High Court quashes ‘unfair’ decision of Garda Commissioner in transfer dispute

The High Court has quashed a decision of the Commissioner of An Garda Síochána which upheld an original decision to transfer a woman to another Garda Station, on the grounds that the decision was contrary to fair procedures and in breach of natural and constitutional justice for failure to give reasons.

On the 5th June, 2012 the applicant, Sharon Maybury, was directed by the Chief Superintendent in Killarney Garda Station to take up duties in Tralee Garda Station on the following day, the 6th June, 2012.

The applicant did attend at Tralee Garda Station on the 6th June, 2012 but asserts that she did so as a matter of courtesy, not with a view to accepting the transfer, and as she so communicated to the Assistant Commissioner.

The applicant went on to appeal the transfer, to refer the matter to the Garda Commissioner, and to apply for a review by the Transfer Review Body.

She asserted that at each stage of review and appeal the decision of the relevant body came to its decision on an erroneous view that she was seeking to retrospectively appeal what had been a valid transfer.

The respondent argued that the applicant had agreed on the 4th May and again on the 5th June to transfer from Killarney to Tralee as part of a compromise reached with the assistance of her representative association, arising from so-called “performance issues”, and because she would be subject to a greater degree of supervision in Tralee Garda Station.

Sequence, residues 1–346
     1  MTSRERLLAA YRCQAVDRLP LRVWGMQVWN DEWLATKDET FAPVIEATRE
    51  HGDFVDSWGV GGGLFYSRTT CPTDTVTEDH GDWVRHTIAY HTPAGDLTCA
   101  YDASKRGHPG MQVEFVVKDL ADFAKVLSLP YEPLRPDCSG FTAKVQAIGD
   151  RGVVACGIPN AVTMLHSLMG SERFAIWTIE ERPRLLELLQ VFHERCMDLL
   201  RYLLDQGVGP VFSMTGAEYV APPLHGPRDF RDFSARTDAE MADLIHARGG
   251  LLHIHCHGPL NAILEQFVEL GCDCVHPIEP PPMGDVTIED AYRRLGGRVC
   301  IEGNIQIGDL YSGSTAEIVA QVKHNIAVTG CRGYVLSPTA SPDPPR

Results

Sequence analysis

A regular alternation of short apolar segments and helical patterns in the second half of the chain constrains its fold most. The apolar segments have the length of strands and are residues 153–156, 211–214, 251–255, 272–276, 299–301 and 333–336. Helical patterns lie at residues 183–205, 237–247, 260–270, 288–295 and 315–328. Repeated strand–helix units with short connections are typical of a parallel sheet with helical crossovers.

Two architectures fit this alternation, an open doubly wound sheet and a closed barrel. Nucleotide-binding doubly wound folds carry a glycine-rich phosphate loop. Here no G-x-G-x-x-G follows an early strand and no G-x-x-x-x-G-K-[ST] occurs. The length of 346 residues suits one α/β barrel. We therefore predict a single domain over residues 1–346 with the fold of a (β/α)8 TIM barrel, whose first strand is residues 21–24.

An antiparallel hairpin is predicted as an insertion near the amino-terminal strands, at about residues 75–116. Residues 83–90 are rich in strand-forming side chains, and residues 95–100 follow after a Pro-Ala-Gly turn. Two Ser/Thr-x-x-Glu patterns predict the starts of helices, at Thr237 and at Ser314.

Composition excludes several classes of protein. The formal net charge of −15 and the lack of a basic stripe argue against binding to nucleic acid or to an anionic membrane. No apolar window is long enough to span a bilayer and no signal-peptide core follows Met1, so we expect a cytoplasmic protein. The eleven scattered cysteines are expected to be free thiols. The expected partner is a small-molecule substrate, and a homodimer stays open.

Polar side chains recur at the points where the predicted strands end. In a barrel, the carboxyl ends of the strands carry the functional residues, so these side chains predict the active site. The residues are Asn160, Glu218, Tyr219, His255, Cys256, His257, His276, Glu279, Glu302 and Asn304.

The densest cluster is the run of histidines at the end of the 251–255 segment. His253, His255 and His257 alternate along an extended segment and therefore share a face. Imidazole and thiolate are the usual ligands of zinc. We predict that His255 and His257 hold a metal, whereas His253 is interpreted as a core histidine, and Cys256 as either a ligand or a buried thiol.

The respondent also argued that the application was not brought in time, as time began to run when the applicant was directed to transfer to Tralee on 5th June, and the application was not brought until 4th November 2013.

However, the Court found that it was the last decision by the Transfers Review Body which was being subjected to judicial review, and that had only been determined on 17th October 2013.

The applicant made three complaints against the Transfers Review Body: that its decision was premised on a wrong view of the law; that its process was tainted by bias; and that it failed to give reasons.

In relation to the first complaint, the applicant asserted that the Transfers Review Body had wrongly found that the Garda Síochána Code made no provision for retrospective review.

However, the Court found that this had not formed the basis of the Body’s decision, and therefore its decision was not tainted by an incorrect view of the law.

In relation to the second complaint, the applicant argued that the Transfers Review Body is tainted by bias in that Fintan Fanning, the Assistant Commissioner Human Resource Management, was involved in a number of stages in the review and appeal process.

It was asserted in those circumstances that the respondent has breached one of the fundamental keystones of fair procedure namely the rule of nemo iudex in causa sua.

However, the Court found that this argument was misplaced, as Garda Fanning’s role required him to engage with issues relating to the contract of employment of a member of the Force, and he merely acted as conduit to communicate the decisions and transmit paperwork to the relevant bodies.